Sometimes, the language/terms used in retirement income planning aren't exactly the EASIEST to understand (And even things that we THINK we understand, we might not... CASE IN POINT)
This episode of After The Paycheck is designed to help people understand certain terms they may hear after they have met with a financial professional. When a financial professional understands your unique situation and makes recommendations, you may hear them use a lot of terms that will cause your head to spin.
But, what if you were able to have a better understanding of some of the jargon that a financial professional uses when walking you through a specific insurance or investment product?
Here is a glossary of terms to help guide you with some things to know before meeting with a financial professional!
The percentage of the index’s return the insurance company credits to the product. For example, if the market went up 10% and the product's participation rate was 80%, an 8% return (80% of the gain) would be credited.1
An upper limit put on the return over a certain time period. For example, if the index returned 10% but the product had a cap of 5%, you receive only a maximum 5% rate of return. (Some products have both a cap AND a participation rate, so be aware of the language of how the product will be indexed/credited.)1
A fee (usually a percentage) that may be subtracted from the gain in the index linked to the product. So, if an index gains 10% and the spread/margin is 1%, then the product is credited 9% in gains.
The level of credited interest is based on the difference (or a percentage of the difference) of a product over the course of one year. For example, say that the the market you are investing in is at 1,000 at the beginning of when you purchase your product. If that market index increases to 1,100 (a difference of 10%), and is at that mark for the 1st anniversary date, the contract owner would be credited that interest (the ACTUAL amount of interest may vary depending on that product's cap and/or participation rate.)2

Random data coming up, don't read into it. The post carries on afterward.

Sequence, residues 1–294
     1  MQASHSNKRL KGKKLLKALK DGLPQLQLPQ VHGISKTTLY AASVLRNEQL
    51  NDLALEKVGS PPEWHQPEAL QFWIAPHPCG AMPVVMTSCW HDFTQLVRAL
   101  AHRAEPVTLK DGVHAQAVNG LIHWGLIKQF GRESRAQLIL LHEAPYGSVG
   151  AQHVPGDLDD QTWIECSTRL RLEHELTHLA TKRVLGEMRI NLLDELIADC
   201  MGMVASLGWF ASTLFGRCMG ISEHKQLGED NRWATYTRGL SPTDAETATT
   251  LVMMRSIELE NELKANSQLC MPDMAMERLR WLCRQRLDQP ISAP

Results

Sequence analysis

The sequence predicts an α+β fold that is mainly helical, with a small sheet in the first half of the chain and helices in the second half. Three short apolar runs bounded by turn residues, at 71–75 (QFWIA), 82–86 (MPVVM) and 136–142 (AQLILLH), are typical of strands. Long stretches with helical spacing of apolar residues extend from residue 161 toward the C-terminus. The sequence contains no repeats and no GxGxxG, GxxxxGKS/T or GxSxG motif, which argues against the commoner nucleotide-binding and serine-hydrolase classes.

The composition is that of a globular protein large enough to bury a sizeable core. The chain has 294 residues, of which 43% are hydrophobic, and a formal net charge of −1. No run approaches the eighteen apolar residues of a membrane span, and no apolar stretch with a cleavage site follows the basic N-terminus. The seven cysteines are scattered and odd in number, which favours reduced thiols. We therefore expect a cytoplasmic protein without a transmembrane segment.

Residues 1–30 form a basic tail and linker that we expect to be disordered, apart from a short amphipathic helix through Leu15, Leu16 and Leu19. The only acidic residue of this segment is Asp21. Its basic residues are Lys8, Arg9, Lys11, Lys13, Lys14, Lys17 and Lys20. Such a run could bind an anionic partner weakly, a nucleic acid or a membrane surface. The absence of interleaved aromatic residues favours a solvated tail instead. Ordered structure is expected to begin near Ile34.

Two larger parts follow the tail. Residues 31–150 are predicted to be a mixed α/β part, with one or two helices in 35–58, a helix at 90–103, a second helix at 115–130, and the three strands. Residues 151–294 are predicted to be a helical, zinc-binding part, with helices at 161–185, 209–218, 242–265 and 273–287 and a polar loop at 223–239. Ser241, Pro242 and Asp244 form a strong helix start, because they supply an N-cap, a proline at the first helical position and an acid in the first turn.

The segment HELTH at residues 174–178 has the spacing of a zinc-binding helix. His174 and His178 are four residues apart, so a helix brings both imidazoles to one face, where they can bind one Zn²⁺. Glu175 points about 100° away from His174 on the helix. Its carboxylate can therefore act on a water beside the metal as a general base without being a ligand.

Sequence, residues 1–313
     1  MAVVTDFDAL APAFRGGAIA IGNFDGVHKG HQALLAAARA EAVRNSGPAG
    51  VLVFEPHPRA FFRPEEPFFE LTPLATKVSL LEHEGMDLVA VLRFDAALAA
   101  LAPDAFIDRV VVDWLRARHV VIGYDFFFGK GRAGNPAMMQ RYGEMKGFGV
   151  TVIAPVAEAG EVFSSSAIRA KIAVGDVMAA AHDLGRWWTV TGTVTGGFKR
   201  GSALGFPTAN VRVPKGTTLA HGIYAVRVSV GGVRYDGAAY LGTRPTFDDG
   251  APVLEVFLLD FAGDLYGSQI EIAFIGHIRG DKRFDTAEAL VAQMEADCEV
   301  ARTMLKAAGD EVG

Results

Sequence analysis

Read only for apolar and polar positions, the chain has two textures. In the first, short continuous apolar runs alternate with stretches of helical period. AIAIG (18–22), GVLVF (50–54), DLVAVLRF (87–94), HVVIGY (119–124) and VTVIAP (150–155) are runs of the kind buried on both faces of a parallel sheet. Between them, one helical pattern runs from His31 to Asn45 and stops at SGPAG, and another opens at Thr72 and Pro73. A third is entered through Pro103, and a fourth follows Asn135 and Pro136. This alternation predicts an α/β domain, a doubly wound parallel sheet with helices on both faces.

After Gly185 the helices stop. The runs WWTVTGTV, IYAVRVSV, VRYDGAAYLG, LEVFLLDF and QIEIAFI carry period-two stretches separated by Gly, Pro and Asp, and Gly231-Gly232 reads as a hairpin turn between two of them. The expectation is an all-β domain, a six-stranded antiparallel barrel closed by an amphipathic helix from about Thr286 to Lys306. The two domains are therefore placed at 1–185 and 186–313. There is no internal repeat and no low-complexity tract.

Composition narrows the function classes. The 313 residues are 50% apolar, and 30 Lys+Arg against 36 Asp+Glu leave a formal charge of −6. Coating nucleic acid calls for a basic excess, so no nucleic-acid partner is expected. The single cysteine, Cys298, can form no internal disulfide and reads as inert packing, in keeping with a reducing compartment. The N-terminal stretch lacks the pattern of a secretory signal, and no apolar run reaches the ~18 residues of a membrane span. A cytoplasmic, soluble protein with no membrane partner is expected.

A fee/charge/penalty charged for withdrawing (an excess amount of) funds from a product before a certain agreed upon date. Typically assessed as a percentage of the contract value for withdrawals that exceed a certain percentage of the contract value.
For example, a product may have a 7% surrender charge for any withdrawal in excess of 10% of the premiums paid. If you have $100,000 in premiums and withdraw $20,000 in the first year of your contract, the surrender charge would be $700 ($10,000 x 7%). Sometimes a surrender charge can be referred to as a surrender fee or an early withdrawal fee.3
A feature that is normally only found in certain rider options in annuities. To understand how stacking works, there are two amounts to keep in mind – the account value and the income base. A Stacked Income Option rider may stack an amount equal to 100% of the interest credited to your contract’s account value on top of a guaranteed 4% income credit during specific period.
An option that you can request be added on for in certain contracts, (almost always for a fee), that is designed to help generate a guaranteed level of income for life, regardless of your age and if the account runs out of money or not.
Have a list of questions around your finances? Thinking about your retirement situation?
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